Batting CU & Striking Out:How does Barry use tone to make the essay relatable?

Home Forums Comparison Batting CU & Striking Out:How does Barry use tone to make the essay relatable?

This topic contains 2 replies, has 3 voices, and was last updated by  Anonymous 2 years, 9 months ago.

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  • #4242

    Anonymous

    In Dave Barry’s essay, “Batting Clean-Up and Striking Out” he uses a light-hearted, humorous tone when comparing and contrasting men and women in order to connect to the reader. Using a casual tone to relate his own experiences, Barry creates a familiarity that draws the reader in and makes a personal connection. In one section, Barry strives to relate to the reader by exposing the flaws in his own cleaning practices. In reference to his cleaning methods in contrast to his wife’s he claims that he “‘cleans’ the bathroom, spraying Windex all over everything…” Here he shows how he himself is just how he perceives all men, less concerned with sanitation and unconcerned with attention to detail when compared with women. When he says,”…because I am a sensitive and caring kind of guy…”, Barry connects to his audience through sarcasm and humor, which creates a feeling of camaraderie. Later, he speaks of his son’s “six hundred action figures each sold separately that God forbid Robert should ever take a bath without” he increases his easy going tone and makes his essay more relatable to anyone with young kids or anyone who has ever been a kid. Lastly, again, a piece of his argument that supports his search for a common ground between the audience and himself is when he says, “each sold separately” which uses the allusion to the cliche advertising phrase that everyone has heard.

  • #4258

    Anonymous

    In his essay Batting Clean-Up and Striking Out, Dave Barry succeeds immensely in using a lighthearted, humorous tone to make the essay more relatable. He primarily accomplishes this through delving into basic gender psychology. In fact, he does so right away in the opening line: “The primary difference between men and women is that women can see extremely small quantities of dirt.” This serves to establish a humorous tone through a simple interjection, one that most everybody can in some way relate to—I can definitely recall more than one incident when my version of “clean” differed from, say, my father’s! Barry’s humorous references to real-life situations also make the essay more relatable, for instance, through his cleaning-the-bathroom-anecdote: “Because I am a sensitive and caring guy, I ‘clean’ the bathroom, spraying Windex all over everything…” This is a great example of his using tone to be relatable, because it describes an ordinary task (cleaning the bathroom) with strategically witty twist. Barry’s humorous tone, which he creates through various anecdotes and gender comparison does wonders to make his essay more relatable.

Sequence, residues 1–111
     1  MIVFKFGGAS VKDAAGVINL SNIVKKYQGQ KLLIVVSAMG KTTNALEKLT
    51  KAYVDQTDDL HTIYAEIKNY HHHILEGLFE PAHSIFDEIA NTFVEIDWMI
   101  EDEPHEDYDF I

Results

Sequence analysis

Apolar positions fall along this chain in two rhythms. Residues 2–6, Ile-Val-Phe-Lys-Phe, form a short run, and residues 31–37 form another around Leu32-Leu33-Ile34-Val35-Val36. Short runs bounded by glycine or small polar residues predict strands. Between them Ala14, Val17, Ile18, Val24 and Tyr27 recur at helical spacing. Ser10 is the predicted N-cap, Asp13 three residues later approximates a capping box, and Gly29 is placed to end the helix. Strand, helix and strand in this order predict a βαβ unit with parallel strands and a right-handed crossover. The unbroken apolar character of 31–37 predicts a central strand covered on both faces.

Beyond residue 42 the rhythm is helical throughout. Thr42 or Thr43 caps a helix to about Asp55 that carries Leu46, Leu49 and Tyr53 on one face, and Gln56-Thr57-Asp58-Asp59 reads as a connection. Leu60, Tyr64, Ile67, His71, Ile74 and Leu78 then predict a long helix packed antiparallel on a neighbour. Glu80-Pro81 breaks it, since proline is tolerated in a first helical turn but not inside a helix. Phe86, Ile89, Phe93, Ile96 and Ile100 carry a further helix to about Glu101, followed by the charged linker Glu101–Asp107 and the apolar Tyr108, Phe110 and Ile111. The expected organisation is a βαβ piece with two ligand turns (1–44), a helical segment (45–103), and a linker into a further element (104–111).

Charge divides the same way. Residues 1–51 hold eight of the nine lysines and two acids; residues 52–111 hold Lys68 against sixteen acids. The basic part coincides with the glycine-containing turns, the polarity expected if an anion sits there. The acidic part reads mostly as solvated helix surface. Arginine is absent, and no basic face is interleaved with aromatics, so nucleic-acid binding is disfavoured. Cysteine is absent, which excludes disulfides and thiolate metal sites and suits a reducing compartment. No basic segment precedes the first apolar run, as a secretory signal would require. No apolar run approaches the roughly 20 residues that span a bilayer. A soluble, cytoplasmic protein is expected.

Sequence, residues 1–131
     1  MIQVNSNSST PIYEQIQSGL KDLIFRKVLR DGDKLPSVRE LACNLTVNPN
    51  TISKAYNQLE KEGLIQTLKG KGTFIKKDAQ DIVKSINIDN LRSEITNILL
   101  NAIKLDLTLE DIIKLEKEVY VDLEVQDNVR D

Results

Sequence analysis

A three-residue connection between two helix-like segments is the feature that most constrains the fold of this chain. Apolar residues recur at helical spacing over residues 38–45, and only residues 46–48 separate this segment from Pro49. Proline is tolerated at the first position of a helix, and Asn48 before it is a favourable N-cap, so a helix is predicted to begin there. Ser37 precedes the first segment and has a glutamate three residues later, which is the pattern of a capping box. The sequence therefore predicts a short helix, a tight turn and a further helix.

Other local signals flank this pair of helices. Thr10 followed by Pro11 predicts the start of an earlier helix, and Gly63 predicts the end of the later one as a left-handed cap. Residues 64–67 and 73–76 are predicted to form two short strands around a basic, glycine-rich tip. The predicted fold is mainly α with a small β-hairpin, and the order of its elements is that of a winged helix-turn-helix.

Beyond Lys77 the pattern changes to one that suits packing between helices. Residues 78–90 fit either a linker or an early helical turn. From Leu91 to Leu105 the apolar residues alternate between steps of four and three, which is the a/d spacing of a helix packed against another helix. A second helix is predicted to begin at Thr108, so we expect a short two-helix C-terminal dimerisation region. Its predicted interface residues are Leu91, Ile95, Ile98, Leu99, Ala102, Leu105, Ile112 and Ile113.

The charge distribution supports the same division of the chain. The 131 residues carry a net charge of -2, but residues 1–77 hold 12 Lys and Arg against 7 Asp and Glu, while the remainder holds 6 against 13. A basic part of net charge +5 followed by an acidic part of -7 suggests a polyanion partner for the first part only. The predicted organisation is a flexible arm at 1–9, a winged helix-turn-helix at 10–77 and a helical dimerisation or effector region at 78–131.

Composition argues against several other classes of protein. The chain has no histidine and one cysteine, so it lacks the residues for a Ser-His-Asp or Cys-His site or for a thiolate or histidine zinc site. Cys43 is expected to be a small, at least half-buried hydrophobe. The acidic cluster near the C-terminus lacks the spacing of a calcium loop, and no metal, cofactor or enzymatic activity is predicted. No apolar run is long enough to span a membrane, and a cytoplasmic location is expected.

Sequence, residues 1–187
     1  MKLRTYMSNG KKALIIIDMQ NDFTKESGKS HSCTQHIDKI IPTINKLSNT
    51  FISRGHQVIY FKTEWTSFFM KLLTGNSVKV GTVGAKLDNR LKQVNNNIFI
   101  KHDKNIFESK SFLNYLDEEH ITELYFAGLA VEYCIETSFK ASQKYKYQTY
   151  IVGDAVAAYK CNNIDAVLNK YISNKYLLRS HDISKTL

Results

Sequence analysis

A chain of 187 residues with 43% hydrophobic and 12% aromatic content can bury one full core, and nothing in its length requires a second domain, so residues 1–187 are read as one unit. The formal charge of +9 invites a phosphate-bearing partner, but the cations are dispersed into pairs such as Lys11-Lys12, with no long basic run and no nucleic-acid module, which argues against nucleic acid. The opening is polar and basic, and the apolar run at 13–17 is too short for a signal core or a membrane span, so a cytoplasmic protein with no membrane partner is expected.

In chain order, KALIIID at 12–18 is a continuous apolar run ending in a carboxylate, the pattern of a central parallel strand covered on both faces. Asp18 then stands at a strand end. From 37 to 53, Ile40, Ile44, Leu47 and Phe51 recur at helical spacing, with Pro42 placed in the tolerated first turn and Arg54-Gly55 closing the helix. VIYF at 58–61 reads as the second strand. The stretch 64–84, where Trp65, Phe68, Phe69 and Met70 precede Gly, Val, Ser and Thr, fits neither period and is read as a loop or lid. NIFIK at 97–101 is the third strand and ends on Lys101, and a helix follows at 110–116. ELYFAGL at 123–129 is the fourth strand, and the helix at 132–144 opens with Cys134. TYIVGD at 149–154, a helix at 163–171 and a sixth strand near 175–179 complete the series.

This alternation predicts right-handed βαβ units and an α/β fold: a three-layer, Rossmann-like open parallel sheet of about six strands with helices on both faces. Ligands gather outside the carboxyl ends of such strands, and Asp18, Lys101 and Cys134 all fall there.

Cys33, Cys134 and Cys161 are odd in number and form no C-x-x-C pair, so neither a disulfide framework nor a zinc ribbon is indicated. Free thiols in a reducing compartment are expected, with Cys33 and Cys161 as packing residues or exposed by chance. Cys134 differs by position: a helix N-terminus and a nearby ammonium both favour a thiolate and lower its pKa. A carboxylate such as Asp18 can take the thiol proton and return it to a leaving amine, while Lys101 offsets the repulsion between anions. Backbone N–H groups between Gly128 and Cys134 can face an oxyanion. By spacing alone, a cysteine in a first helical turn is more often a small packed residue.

• #4265

    Anonymous

    In this piece I feel Barry uses a very lighthearted tone to make this piece as relatable as possible to really any audience, nor females nor males i think were the intended audience, though woman were more of a victim in this piece then men, kind of as an easy target like when Barry states, “is that woman can see extremely small quantities of dirt” and then shares a family experience of when his own wife had criticized his cleaning style because of a woman’s ability to “see dirt at the level of molecules” The same thing is done with men in comparison to sports in a much more lighthearted manner, i think because Barry is a man himself, not being able to see the major flaws as directly (as a woman though i can tell you sports is not the biggest difference) By using very descriptive stories, Barry is able to make a connection with the reader almost like he is in your living room visiting, telling you and your family stories about his family. I also think that because of the casual tone he used, it helped make it much more relatable to the reader, i could picture both my parents saying the same things he was saying that his wife and himself had said like “I hate to rush you, but could you clean Roberts bathroom, its filthy” which makes me think about saturday cleaning mornings in my house when my mom is yelling across the kitchen for my dad to clean something that is just “filthy” and i think that by doing this and using direct quotes from Barry’s life it makes it that much more easy for the readers to better relate to this piece.

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